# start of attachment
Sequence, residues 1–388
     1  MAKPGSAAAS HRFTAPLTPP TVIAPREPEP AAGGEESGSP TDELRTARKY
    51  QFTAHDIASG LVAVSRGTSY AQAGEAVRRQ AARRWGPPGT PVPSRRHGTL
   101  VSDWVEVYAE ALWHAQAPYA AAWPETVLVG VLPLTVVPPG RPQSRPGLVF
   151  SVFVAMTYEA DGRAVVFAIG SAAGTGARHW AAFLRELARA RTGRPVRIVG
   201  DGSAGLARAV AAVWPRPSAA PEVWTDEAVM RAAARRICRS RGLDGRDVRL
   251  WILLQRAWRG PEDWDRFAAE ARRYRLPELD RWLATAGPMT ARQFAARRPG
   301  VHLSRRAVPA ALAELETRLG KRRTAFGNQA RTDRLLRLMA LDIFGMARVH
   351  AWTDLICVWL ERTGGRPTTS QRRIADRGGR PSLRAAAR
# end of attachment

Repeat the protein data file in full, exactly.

Sequence, residues 1–388
     1  MAKPGSAAAS HRFTAPLTPP TVIAPREPEP AAGGEESGSP TDELRTARKY
    51  QFTAHDIASG LVAVSRGTSY AQAGEAVRRQ AARRWGPPGT PVPSRRHGTL
   101  VSDWVEVYAE ALWHAQAPYA AAWPETVLVG VLPLTVVPPG RPQSRPGLVF
   151  SVFVAMTYEA DGRAVVFAIG SAAGTGARHW AAFLRELARA RTGRPVRIVG
   201  DGSAGLARAV AAVWPRPSAA PEVWTDEAVM RAAARRICRS RGLDGRDVRL
   251  WILLQRAWRG PEDWDRFAAE ARRYRLPELD RWLATAGPMT ARQFAARRPG
   301  VHLSRRAVPA ALAELETRLG KRRTAFGNQA RTDRLLRLMA LDIFGMARVH
   351  AWTDLICVWL ERTGGRPTTS QRRIADRGGR PSLRAAAR